“The purpose you undertake is dangerous.”
“Why, that’s certain. ‘Tis dangerous to take a cold, to sleep, to drink;
but I tell you, my lord fool,
out of this nettle, danger, we pluck this flower, safety.”
On a recent work project, I stumbled across a list of eight “key safety areas” for ships. As another “she,” and in an interdisciplinary mood, I started wondering about my own safety performance in these areas.
Performance: Excellent. Structural design is one of two models in widespread use, and proven safe in this family of users for periods exceeding 90 years. A history of structural failures in advanced years in related units is cause for concern.
Trend: Declining. Years of low investment in maintenance on this unit have resulted in reduced structural strength.
Performance: Good. Systems have performed well to date, requiring no surgical or mechanical intervention.
Trend: Declining. Visual, balance, and paying-attention systems are showing signs of wear and tear, resulting in safety concerns on stairs.
Performance: Excellent. No observed tendency to burst into flames under routine, day-to-day operation.
Trend: Declining. Increased tendency to get hot under the collar.
Performance: Excellent (written); adequate (spoken).
Trend: Declining (both). Increased incidence of failing to find the right word, especially under pressure.
Navigation and Seamanship
Performance: Poor. In addition to a regrettable tendency to throw up under conditions of turbulence, inadequate map-reading skills and inability to visualize spatial relationships have resulted in swerves onto freeway exits at speed.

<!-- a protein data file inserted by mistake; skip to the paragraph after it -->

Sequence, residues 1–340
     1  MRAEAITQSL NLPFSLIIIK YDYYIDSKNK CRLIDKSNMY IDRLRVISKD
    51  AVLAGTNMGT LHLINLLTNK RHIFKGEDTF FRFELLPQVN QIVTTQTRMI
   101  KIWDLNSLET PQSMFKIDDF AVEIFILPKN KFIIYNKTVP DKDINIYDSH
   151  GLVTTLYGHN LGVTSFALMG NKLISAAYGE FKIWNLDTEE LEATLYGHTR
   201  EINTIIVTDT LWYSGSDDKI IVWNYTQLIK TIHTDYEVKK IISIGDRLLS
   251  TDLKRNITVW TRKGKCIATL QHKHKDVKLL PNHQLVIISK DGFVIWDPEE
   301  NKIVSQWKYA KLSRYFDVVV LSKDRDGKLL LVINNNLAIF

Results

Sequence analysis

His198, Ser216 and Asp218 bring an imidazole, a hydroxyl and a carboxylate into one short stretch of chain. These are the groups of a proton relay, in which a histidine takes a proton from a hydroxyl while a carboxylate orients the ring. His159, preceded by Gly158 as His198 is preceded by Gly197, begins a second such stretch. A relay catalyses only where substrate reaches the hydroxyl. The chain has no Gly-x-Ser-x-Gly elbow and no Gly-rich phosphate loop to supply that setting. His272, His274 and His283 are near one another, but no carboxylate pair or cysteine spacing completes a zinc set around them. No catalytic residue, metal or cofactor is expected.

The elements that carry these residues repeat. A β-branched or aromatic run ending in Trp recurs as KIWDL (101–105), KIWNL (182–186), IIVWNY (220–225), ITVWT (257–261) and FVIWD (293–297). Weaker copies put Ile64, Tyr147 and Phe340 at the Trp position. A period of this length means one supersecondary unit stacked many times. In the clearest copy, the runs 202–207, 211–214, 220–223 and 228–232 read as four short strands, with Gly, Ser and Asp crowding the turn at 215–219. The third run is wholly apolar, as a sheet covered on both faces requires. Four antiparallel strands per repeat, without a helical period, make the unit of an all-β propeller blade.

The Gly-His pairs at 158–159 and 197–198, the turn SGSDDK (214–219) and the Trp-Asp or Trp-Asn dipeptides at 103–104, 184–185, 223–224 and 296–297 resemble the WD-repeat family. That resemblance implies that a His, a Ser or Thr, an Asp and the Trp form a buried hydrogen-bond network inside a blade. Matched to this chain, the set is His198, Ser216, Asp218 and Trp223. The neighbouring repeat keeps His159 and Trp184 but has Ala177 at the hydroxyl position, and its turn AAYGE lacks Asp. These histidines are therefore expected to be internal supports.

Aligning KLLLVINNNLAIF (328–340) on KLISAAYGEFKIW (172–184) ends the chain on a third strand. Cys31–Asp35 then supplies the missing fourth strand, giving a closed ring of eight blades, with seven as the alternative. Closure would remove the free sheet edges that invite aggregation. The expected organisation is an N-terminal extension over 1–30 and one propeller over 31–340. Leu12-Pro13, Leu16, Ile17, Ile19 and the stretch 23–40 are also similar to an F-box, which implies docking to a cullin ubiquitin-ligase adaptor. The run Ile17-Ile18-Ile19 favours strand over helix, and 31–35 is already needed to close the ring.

Trend: Declining. Reliance on artificial navigation systems has further atrophied onboard systems.
Performance: Good. Lifelong avoidance of nicotine has improved fire safety scores associated with lit cigarettes; similar avoidance of controlled substances has undoubtedly improved ratings from what otherwise would have been achieved in communications and navigation.
Trend: Declining. Effects from alcohol exposure observed to be higher than in earlier years.
Buoyancy, Stability, and Controllability
Performance: Good. Buoyancy (physical and mental) scores highest of these elements. Stability (mental; see Engineering Systems for performance in physical stability) acts as a mild moderating force, reducing the safety hazards associated with undeniably low scores on controllability.
Trend: Declining. Increasing age observed to be correlated with declining scores on all elements.
Escape, Evacuation, and Rescue
Trend: Unknown, but likely declining. Isn’t everything?